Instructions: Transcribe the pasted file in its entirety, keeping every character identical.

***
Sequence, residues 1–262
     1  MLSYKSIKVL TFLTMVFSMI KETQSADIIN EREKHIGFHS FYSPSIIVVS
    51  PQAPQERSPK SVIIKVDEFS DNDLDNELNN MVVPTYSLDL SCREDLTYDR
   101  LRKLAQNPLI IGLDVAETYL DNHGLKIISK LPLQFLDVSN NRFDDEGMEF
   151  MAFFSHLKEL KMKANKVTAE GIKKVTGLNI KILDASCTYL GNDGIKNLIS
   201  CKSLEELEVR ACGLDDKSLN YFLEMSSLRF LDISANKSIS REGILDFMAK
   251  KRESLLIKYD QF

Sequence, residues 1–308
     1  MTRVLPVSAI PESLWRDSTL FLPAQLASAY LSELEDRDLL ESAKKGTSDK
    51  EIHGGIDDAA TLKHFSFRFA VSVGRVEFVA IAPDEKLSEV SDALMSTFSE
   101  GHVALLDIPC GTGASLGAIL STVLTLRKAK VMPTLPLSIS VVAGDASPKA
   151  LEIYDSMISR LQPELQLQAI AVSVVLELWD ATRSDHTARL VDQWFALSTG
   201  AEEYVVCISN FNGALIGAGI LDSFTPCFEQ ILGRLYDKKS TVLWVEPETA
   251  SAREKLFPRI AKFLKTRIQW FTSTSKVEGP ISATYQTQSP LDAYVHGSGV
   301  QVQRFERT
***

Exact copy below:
Sequence, residues 1–262
     1  MLSYKSIKVL TFLTMVFSMI KETQSADIIN EREKHIGFHS FYSPSIIVVS
    51  PQAPQERSPK SVIIKVDEFS DNDLDNELNN MVVPTYSLDL SCREDLTYDR
   101  LRKLAQNPLI IGLDVAETYL DNHGLKIISK LPLQFLDVSN NRFDDEGMEF
   151  MAFFSHLKEL KMKANKVTAE GIKKVTGLNI KILDASCTYL GNDGIKNLIS
   201  CKSLEELEVR ACGLDDKSLN YFLEMSSLRF LDISANKSIS REGILDFMAK
   251  KRESLLIKYD QF

Sequence, residues 1–308
     1  MTRVLPVSAI PESLWRDSTL FLPAQLASAY LSELEDRDLL ESAKKGTSDK
    51  EIHGGIDDAA TLKHFSFRFA VSVGRVEFVA IAPDEKLSEV SDALMSTFSE
   101  GHVALLDIPC GTGASLGAIL STVLTLRKAK VMPTLPLSIS VVAGDASPKA
   151  LEIYDSMISR LQPELQLQAI AVSVVLELWD ATRSDHTARL VDQWFALSTG
   201  AEEYVVCISN FNGALIGAGI LDSFTPCFEQ ILGRLYDKKS TVLWVEPETA
   251  SAREKLFPRI AKFLKTRIQW FTSTSKVEGP ISATYQTQSP LDAYVHGSGV
   301  QVQRFERT